When I was a young child I looked forward to the day I could join all the grownups at one of the after hours (past my bedtime) events. At 13 that time had come and although the party was in England and not in France, I was still happy to be included among the adults. Among the beverages, the champagne, wine, gin & tonics and vodka there was mulled wine. I had never had any before. Growing up in a household with European traditions, alcohol was never forbidden. I had small sips of wine with dinner, always Champagne at New Years, and the odd Rum and Coke when I was off with my friends - times have changed since then.

Among the guests was a cousin of the boys (there were 7 of them!) who lived in the renovated barn that was part of the old manor house property. A beautiful fair-skinned, blue eyed boy with dark blonde hair. He wore a tweed jacket and a tie. At 16 he was much older than I was (and I was an awkward 13 year old) and remember feeling, just then, very young in my tartan drop-waisted dress from Miss Selfridge. But this boy, whose name was Blaze, seemed to enjoy my company and while we were chatting in the corner near the fireplace he asked me if I might like some mulled wine. I said sure.

He returned with two glass mugs that smelled divine and felt incredible in my cold hands. I took a sip and the sweet, citrusy, warm and somewhat spicy beverage immediately warmed me to the core. It was delicious. And I'm sure it was especially good because the boy in tweed gave it to me. I've had a fondness for it ever since and now, over 30 years later I'm reminded of that cold English Christmas and the 16 year old boy.

Mulled wine is traditionally enjoyed during the time of year between Halloween and New Year's. It is indeed very festive. While recipes vary - some call for brandy, others for orange juice - they all call for orange zest, mulling spices and a bit of sugar. I have a couple of recipes below.

Mulled Wine, from Williams-Sonoma

Ingredients:

  • 12 whole cloves
  • 2 nutmegs, cracked into pieces with a hammer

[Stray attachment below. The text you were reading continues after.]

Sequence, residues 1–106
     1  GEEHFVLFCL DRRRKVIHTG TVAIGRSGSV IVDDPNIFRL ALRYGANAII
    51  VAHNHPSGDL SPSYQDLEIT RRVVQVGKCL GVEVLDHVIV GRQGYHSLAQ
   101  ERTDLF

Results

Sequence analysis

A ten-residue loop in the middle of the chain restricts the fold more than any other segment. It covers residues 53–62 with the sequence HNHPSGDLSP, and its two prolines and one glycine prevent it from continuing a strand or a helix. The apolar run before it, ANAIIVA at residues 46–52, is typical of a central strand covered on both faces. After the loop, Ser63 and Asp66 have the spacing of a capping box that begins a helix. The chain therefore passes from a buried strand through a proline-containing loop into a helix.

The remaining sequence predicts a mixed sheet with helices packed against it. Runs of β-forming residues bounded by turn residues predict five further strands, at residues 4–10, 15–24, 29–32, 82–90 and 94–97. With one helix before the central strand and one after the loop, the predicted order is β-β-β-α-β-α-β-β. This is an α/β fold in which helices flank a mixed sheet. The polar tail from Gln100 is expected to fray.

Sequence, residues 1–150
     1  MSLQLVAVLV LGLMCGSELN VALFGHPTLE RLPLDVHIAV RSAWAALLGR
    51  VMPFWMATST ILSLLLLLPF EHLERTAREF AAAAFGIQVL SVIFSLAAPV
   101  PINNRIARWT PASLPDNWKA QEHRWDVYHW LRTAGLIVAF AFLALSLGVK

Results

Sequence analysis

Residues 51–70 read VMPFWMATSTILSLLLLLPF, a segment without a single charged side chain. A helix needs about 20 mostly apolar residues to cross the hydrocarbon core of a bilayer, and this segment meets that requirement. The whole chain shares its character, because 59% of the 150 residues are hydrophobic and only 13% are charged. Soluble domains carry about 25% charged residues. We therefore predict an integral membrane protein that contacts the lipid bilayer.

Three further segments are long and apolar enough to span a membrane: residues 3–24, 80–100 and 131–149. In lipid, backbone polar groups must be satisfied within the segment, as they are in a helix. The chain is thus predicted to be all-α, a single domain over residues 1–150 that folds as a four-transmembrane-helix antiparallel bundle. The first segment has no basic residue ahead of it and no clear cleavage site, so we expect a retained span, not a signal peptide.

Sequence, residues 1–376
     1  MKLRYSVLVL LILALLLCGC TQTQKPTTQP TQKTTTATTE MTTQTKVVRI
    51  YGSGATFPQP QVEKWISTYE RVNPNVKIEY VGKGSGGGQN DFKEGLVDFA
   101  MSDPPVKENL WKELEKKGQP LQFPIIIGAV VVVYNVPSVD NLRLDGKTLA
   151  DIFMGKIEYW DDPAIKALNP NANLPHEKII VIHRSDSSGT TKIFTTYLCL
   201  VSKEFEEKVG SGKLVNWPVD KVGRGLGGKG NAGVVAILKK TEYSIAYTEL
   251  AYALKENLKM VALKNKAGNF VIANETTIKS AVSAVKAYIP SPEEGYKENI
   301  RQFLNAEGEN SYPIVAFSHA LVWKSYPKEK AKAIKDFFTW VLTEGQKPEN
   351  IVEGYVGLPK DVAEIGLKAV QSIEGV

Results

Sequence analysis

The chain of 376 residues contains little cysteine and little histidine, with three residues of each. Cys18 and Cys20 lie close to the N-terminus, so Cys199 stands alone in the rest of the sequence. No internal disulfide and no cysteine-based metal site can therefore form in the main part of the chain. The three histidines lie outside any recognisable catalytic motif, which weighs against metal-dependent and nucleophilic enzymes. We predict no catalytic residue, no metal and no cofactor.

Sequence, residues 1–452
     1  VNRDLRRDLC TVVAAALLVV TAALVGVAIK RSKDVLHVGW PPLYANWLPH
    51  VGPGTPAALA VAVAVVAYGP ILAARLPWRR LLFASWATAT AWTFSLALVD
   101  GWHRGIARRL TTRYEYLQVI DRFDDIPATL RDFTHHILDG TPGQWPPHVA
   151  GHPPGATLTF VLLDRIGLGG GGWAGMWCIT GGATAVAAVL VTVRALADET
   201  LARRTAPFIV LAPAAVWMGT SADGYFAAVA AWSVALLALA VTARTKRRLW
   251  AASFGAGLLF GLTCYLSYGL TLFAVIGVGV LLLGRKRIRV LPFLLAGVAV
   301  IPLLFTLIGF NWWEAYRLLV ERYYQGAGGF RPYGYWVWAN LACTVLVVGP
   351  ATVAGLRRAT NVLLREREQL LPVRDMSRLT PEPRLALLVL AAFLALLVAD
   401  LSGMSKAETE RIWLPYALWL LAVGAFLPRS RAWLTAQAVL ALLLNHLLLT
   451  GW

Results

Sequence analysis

• 2 bottles (each 750ml) dry red wine
  • 1/2 cup sugar
  • Stripped zest from 2 oranges and 2 lemons, plus more zest for garnish
  • 3/4 cup fresh orange juice
  • 1/4 cup fresh lemon juice
  • 2 cinnamon sticks

     

Directions:

Tie the cloves and nutmeg pieces in a small square of cheesecloth, or put them in a large metal tea ball. 

In a large nonaluminum pot, combine the wine, sugar, orange and lemon zests, orange and lemon juices, and cinnamon sticks. Add the clove-and-nutmeg bundle. Heat over medium-low heat until steam begins to rise from the pot and the mixture is hot, about 10 minutes; do not let it boil. Remove the clove-and-nutmeg bundle. Keep the wine warm over very low heat until ready to serve. 

Ladle the wine into cups or heatproof glasses, garnish with the citrus zest and serve warm. Serves 8 to 10.

Adapted from Williams-Sonoma, Christmas Entertaining, by Georgeanne Brennan (Simon & Schuster, 2005).


Mulled Wine, Recipe from Martha Stewart

INGREDIENTS

  • 1 large orange
  • 2 cardamom pods
  • 6 whole clove
  • 6 allspice berries
  • 6 whole black peppercorns
  • 1 cinnamon stick, plus 4 for garnish (optional)
  • 1 bottle (3 cups) fruity red wine
  • 1/2 cup sugar
  • 1/4 cup brandy

DIRECTIONS

  • With a fine grater, zest, then juice the orange.

  • With the flat side of a knife, press firmly on the cardamom pods to bruise them. In a large pot (not aluminum), combine zest, juice, cardamom, cloves, allspice, peppercorns, cinnamon, wine, sugar, and brandy. Cook over medium heat, stirring, until sugar dissolves, 1 to 2 minutes.

  • Reduce heat to low; simmer until flavors have melded, about 30 minutes. Pour through a fine-mesh sieve; garnish with cinnamon stick, if desired. Serve immediately.

Mulled Wine, Recipe from Ina Garten

INGREDIENTS

  • 4 cups apple cider
  • 1 (750-ml) bottle red wine, such as Cabernet Sauvignon
  • 1/4 cup honey
  • 2 cinnamon sticks
  • 1 orange, zested and juiced
  • 4 whole cloves
  • 3 star anise
  • 4 oranges, peeled, for garnish